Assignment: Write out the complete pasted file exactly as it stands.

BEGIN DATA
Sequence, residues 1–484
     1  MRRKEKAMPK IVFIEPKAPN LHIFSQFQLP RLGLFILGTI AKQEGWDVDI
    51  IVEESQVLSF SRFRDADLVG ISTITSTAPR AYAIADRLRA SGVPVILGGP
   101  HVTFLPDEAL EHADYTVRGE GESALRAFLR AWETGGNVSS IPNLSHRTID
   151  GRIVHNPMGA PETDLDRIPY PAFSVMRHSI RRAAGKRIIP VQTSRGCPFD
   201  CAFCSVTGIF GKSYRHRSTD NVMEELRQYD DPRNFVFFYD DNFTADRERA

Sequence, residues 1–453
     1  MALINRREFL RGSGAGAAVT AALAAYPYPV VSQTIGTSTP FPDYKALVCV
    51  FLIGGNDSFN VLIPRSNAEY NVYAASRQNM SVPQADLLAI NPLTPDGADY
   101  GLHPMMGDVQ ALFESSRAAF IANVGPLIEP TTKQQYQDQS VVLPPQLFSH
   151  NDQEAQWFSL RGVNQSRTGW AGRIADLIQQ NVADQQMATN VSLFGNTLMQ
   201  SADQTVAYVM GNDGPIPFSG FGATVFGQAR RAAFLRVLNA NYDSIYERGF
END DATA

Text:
Sequence, residues 1–484
     1  MRRKEKAMPK IVFIEPKAPN LHIFSQFQLP RLGLFILGTI AKQEGWDVDI
    51  IVEESQVLSF SRFRDADLVG ISTITSTAPR AYAIADRLRA SGVPVILGGP
   101  HVTFLPDEAL EHADYTVRGE GESALRAFLR AWETGGNVSS IPNLSHRTID
   151  GRIVHNPMGA PETDLDRIPY PAFSVMRHSI RRAAGKRIIP VQTSRGCPFD
   201  CAFCSVTGIF GKSYRHRSTD NVMEELRQYD DPRNFVFFYD DNFTADRERA

Sequence, residues 1–453
     1  MALINRREFL RGSGAGAAVT AALAAYPYPV VSQTIGTSTP FPDYKALVCV
    51  FLIGGNDSFN VLIPRSNAEY NVYAASRQNM SVPQADLLAI NPLTPDGADY
   101  GLHPMMGDVQ ALFESSRAAF IANVGPLIEP TTKQQYQDQS VVLPPQLFSH
   151  NDQEAQWFSL RGVNQSRTGW AGRIADLIQQ NVADQQMATN VSLFGNTLMQ
   201  SADQTVAYVM GNDGPIPFSG FGATVFGQAR RAAFLRVLNA NYDSIYERGF